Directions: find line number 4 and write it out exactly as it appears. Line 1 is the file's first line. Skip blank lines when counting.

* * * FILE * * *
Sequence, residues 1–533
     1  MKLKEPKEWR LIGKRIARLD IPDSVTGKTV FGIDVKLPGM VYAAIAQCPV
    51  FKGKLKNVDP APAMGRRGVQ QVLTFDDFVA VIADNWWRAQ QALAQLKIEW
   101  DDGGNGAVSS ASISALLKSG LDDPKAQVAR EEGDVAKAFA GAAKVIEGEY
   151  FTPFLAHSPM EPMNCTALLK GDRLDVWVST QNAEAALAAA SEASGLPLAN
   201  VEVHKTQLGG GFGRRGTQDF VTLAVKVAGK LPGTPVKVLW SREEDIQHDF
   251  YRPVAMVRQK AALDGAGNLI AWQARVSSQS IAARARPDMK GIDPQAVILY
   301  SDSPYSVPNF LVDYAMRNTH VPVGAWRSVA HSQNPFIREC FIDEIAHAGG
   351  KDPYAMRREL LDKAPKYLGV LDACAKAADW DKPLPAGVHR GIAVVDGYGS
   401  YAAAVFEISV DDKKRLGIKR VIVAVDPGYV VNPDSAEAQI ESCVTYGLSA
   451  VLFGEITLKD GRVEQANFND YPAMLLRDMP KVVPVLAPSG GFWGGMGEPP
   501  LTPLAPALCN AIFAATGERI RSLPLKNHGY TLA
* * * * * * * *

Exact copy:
   101  DDGGNGAVSS ASISALLKSG LDDPKAQVAR EEGDVAKAFA GAAKVIEGEY